tes meeting in the Columbia Theatre with
lr~ fully a thousand in attendance. The m<
Les house of representatives tonight ad- be
>r" journed and attended the closing ses- an
ier sion of the convention in a body. St
The executive committee of the next ms
convention was today selected as folm
lows: George B. Cromer, Newberry;
of Kenneth Baker, Greenwood; Philip
:n- Welpmer, Atlanta, Ga; -J. H. Rehder, Te
A.n Wilmington, N. C.; C. ?M. Efird, Lexing- j
tp- ton, and 0. B. Mayer, Newberry.
*a- Delegates are agreed that one of the !
>m finest addresses during the convention
of was that delivered Tuesday afternoon tb
by tlhe Rev. Georee J. Goneaware. D. rhi
?r_ D., pasctor of St. John's Lutheran we
m Church, Charleston, on "The Undis- he
ia>: covered Missionary Organizations." ! an
te_ Dr. Gongaware said that in the past ei|
the missions had been supported by ca
of the children's and women's societies
or and that the strength of the whole a s
in_ church should be enlisted in the cause, pi;
-a- the greatness of which, he continued, wc
ng was obvious. Dr. Gongaware's ad- ag
lie dress was stirring and its mastery of to
rk the subject indicated the largeness of ve:
h- the speaker. | fo]
A special train which brought del- ws
egates from Northern States left to- Ki
La_ night, bearing perhaps a 100 or more we
ize j of those who have been in attendance pn
or ! on the convention. By tomorrow all ho
)r. visitors will likely faave left the city, ea
rs, aWorld Evangelization.* po
0f The concluding address of the conop
i vention was delivered tonight by J.
>n_ | Campbell White, of New York, general all
ia-| secretary of the work for Canada and
1. Deposit 25 cents
plus interest on
2. Start with one cent:
plus interest on
3. Start with two cei
$16.40 plus inte
4. Start with five cen
$41.00 plus inte
You may reverse the order
second?last payment beinp
ment being two cents $2.0
You will have exact
h the cl
and lasts 40 weeks, or until
1914, just at the time you ;
any class. NO FINES, N
Everybody welcome to
We have ju
BOUGHT CHEAP A
If yon want to bu
tn cae lie Wp
IV UVV UU? n v
and sell mules eve
SUMMER - W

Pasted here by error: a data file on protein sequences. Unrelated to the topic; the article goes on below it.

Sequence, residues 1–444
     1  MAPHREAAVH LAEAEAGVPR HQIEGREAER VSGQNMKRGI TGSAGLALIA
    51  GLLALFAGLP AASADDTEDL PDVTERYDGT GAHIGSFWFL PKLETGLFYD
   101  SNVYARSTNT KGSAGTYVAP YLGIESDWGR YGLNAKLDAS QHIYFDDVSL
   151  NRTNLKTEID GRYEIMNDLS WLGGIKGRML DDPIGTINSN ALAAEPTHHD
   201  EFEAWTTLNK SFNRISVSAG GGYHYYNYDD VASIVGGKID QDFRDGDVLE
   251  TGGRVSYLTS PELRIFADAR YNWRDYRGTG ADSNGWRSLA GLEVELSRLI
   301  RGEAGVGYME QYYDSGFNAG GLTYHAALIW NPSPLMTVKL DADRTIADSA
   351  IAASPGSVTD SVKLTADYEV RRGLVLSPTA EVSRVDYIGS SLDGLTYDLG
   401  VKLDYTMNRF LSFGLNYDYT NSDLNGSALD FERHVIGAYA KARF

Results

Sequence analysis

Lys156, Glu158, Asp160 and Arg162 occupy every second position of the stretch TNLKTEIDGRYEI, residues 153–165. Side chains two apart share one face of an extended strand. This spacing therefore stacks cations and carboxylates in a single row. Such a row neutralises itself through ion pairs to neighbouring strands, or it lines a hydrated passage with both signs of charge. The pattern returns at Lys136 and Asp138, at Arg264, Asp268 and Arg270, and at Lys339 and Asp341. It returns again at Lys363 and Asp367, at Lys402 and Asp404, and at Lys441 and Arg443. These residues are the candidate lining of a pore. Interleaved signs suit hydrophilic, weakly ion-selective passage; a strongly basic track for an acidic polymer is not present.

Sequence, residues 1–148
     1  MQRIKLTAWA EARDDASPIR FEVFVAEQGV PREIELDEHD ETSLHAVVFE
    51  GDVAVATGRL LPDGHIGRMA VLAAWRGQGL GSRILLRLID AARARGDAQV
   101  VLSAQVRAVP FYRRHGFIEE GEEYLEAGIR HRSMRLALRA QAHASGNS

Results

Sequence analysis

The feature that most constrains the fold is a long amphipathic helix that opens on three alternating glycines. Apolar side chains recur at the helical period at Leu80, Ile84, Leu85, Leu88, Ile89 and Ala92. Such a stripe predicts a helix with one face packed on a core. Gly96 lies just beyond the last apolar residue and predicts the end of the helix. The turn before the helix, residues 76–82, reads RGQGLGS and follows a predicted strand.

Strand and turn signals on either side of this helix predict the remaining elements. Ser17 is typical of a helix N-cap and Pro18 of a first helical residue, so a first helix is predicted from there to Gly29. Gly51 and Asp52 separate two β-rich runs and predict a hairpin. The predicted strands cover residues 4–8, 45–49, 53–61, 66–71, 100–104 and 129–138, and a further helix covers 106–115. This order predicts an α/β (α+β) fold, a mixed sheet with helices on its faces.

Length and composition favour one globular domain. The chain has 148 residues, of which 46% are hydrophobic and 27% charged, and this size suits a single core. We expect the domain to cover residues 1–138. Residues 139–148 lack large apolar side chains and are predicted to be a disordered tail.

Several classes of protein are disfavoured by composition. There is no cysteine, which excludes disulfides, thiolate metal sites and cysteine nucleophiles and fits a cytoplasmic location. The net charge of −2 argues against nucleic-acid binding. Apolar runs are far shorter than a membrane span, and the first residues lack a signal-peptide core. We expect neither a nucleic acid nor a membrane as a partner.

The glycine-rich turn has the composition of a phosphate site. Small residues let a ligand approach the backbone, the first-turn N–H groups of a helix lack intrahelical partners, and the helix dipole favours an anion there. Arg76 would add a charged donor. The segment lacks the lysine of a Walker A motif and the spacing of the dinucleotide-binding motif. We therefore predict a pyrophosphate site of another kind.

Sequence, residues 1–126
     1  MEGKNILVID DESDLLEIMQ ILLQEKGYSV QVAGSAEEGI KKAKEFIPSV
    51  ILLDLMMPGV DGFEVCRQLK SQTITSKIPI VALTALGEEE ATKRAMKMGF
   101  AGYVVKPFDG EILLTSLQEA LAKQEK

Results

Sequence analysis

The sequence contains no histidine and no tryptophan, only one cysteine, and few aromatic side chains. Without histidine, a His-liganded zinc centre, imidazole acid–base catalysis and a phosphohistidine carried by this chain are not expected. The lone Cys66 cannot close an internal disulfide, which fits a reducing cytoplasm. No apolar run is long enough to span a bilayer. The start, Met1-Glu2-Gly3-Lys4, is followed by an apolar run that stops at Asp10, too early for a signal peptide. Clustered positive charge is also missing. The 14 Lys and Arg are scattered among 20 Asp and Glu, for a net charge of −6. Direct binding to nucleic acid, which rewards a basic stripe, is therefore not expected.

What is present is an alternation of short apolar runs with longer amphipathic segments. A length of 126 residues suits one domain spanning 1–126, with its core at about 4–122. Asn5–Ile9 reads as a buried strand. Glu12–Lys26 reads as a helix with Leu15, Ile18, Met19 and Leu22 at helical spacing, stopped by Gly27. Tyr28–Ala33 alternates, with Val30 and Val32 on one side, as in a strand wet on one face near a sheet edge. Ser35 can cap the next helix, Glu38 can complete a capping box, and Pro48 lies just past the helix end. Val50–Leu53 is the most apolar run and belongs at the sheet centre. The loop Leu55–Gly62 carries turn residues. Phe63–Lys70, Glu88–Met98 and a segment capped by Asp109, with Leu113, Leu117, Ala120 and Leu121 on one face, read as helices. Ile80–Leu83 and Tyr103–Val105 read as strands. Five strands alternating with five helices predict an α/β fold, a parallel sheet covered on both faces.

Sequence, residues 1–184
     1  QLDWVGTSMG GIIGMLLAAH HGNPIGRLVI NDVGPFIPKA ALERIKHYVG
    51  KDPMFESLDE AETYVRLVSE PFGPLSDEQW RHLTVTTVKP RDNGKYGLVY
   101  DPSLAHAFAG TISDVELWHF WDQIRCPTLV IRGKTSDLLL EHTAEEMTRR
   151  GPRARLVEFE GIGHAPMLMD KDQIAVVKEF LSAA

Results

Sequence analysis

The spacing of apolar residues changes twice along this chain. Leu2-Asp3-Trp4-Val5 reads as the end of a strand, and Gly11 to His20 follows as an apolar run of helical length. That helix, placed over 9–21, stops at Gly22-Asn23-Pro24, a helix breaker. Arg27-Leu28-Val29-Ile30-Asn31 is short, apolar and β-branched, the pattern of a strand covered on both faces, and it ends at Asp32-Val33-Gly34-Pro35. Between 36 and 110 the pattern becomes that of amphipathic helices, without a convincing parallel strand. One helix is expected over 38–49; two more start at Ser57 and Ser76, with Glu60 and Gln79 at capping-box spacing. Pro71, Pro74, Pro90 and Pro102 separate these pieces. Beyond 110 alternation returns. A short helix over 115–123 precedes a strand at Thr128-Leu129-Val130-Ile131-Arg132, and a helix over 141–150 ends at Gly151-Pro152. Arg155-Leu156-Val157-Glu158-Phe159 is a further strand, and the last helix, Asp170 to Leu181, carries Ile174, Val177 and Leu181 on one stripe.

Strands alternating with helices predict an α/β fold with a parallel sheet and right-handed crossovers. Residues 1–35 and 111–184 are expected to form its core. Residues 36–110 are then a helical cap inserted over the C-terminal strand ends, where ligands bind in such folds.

e United States. Mr. White spoke on
e subject of "World Evangelization/'
livering a powerful address. Dr. S.
Long, of Mansfield, Ohio, spoke at
e nrgnt session on me power ui yLayin
the evangelization of the world.
Those who have had charge of the
jetings feel that the convention has
en successful, both in the attendee,
which came from a number of
ates, and in the intense interest
inifested in all the meetings.
FINE HORSES DIE.
11 Valuable Animals Suffocated in
Box Car On Way To Horse
Sumter, Feb. 20.?Ten blooded
oroughbred horses, to be shown in
e approaching Sumter Horse Show,
ire suffocated while being shipped
re from Lexington, Ky. The dead
imals were part of a shipment of
jhteen traveling in an ordinary box
The Sumter purchaser explains that
;tock car was not available when the
ans for shipment were made, but a
jll-known trainer and railway stock
ent thought it would be practicable
use a box car. Railway rules prented
the side door being nailed open,
[lowing a suggestion, and the door
ic Oncpri Whpn tho nar
loxville.ten of the eighteen horses
;re dead ana another had developed
eumonia. All were high-priced |
rses, and two were valued at $1,000
c?h. A matched pair for show purses
is included in the loss.
Haye year printing done at The Heri
and Xeirs office?tben yon kaow
at it is done right.
VT ? /?
1CCU5 lTiuiicjr i uj
S AN EASY WAY TO G
A SURE WAY TO HAVI
each week for 40 weeks and ;
December 14, 1914.
: increase one cent each week and
December 14, 1914.
nfo< turn /<anf? urA,
LUO? lilV.1 UUOV VfT V VWU10 7TV
rest on December 14, 1914.
ts: increase five cents each weei
Test on December 145 1914.
of payments and begin with 40 cents tl
; one cent 80 cents the first week. 78 a
o the first week, $1.95 the second?last
ly the same amounts at at the end of tl
egin with the largest or smallest paym<
,UB STARTS MARCH 9;
December 7, 1914. You receive your